Spread about a 1cm layer of sterilised sand over the incubation mixture.
Dampen the gauze by spraying with purified water.
Place three layers of damp gauze on the sand and give it a good spray on top.
Return to the incubator at 30 degrees Celsius for a further 24 hours.
Put all materials that could have come into contact with the mixture in a ziplock bag and freeze.
Keep the gauze damp by spraying a couple of times over the next 24 hours and give a good spray about 2 hours before removing the top layer.
Wearing gloves, remove the top layer of gauze and put it in a wine glass filled with purified water. Give it a stir and leave for 24 hours at room temperature. The larvae will migrate from the gauze into the water and sink to the bottom ready for collection.
Put anything that could have come into contact with larvae in a ziplock bag and freeze for 24 hours.
Stage 3: Collection, Identification, Counting and Storage
- Microscope -- should be capable of at least 40x for counting, at least 200x for identification. Binocular with a mechanical stage would be preferable for ease of use but this vastly increases the price. I have a New Apex Learner Microscope £55 inc delivery from Amazon, and an eye patch!
- Slides -- 50 pk £4.09 inc delivery ebay
- Micropipettes -- micro transfer pipette fine tip 10 pk £1.93 inc delivery ebay
- Petri Dishes -- 70mm plastic petri dishes 10 pk £4.99 inc delivery ebay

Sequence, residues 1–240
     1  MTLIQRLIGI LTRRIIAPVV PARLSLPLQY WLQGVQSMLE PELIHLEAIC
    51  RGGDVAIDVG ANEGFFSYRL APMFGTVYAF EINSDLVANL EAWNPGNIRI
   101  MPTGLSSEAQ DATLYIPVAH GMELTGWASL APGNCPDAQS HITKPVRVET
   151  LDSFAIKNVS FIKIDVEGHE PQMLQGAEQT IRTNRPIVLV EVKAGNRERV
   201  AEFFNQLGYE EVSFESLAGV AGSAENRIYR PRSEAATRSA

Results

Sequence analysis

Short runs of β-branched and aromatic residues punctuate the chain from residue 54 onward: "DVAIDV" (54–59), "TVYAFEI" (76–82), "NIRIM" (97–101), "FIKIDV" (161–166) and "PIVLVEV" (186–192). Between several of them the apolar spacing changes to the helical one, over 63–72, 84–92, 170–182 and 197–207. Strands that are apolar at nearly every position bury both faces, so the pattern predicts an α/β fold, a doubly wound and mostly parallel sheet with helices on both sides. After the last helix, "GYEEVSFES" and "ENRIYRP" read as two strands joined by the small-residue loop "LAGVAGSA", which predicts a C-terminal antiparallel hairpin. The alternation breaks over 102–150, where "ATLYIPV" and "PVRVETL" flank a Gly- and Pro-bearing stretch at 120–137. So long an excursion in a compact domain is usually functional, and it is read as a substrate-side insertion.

- Storage vials -- 50 2ml plastic test tube vials £6.89 inc delivery ebay
- Purified water
- Disposable gloves
Always wear gloves.
Take a disposable micro pipette, squeeze the bulb before putting it in the water, and carefully suck up a small amount of liquid from the very bottom of the glass.
Squeeze a few big drops on to a petri dish and view at 40x magnification. Hopefully you will see plenty of L3 larvae.
This picture is from a large crop of necator americanus L3 seen at 40x magnification.
This picture is at 400x magnification. You can identify NA L3 by a pointed tail, oesophageal join just over a quarter of the way down the body, and a long mouth opening (buccal canal). These three points differentiate it from Strongaloides stercoralis – a parasitic worm that can be fatal in certain circumstances.   To differentiate NA from Ancylostoma duodenale (AD), look at the oesophageal join: in NA it is a straight line whereas in AD you can clearly see a bulb shape.